Dengue, aka “Breakbone Fever,” Is Back

By Maryn McKenna, Slate

The vicious virus has re-established itself in the South, and mosquitoes are carrying it north.

In the autumn of 1885, people in Austin, Texas, began to feel sick. One after another, they developed a chill and then a soaring fever. They vomited and broke out in rashes. Their most distinctive symptom was agonizing pain behind their eyes and in the bones of their arms and legs. And when the fever subsided, lack of appetite and deep exhaustion left them unable to work for weeks or months.

Slate

Last week, researchers published the “Global Burden of Disease Study 2010,” the most comprehensive effort since the GBD 1990 to produce complete and comparable estimates of the burden of diseases and other health challenges.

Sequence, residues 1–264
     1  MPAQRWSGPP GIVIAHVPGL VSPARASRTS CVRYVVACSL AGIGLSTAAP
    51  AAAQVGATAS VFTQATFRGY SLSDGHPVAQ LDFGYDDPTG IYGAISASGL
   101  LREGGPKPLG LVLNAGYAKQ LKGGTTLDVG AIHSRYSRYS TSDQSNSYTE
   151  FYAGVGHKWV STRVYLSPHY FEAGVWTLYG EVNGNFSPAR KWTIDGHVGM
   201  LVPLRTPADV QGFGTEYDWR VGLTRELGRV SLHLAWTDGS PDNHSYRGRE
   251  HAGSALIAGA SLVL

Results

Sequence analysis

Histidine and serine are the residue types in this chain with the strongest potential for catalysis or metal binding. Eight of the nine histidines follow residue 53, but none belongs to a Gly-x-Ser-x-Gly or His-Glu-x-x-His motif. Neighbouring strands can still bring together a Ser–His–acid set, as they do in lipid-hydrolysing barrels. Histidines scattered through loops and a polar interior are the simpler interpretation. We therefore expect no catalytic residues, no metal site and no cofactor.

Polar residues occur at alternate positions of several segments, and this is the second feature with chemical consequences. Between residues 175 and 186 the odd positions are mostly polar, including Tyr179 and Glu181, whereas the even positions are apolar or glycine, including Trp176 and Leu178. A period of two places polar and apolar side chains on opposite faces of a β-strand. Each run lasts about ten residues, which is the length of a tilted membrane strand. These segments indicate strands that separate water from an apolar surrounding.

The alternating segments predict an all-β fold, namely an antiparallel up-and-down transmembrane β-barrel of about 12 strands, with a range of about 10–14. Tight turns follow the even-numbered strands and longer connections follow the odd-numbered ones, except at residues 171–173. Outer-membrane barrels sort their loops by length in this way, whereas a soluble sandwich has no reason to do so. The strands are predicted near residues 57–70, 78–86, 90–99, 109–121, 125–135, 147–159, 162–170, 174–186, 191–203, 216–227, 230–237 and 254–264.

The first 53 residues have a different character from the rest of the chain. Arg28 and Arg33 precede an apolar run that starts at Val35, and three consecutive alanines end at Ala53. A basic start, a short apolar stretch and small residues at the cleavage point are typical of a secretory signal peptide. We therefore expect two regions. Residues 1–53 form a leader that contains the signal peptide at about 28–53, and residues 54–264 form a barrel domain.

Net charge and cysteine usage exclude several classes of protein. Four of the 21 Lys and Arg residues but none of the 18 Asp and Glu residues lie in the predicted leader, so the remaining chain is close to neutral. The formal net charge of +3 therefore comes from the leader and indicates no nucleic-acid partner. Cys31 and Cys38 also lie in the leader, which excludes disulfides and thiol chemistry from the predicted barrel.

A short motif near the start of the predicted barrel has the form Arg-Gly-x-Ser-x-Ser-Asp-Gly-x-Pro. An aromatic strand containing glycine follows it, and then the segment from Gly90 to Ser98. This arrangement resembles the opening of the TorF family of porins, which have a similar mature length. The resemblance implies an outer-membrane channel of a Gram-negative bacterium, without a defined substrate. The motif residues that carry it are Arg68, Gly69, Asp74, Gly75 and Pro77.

By Alyah Khan

The tremendous scope of the dengue problem becomes clear when you consider the number of places where the virus is present.

On Tuesday, The Telegraph and others reported that Vodaphone has joined GSK, the GAVI Alliance and Save the Children for new mobile technology programs to boo

Sabin’s Coalition against Typhoid (CaT) Secretariat recently travelled to Atlanta, Georgia for a series of meetings at the annual meeting of the American Society of Tropical Medicine and Hygiene (ASTMH).  Typhoid fever is a severe bacterial infection spread through water or food contaminated wit

In a groudbreaking announcment made last week, the World Health Organization ruled that the MenAfriVac vaccine, which is already having a big impact in the "Meningitis Belt" of Africa, can be safely used even after four days without refrigeration.

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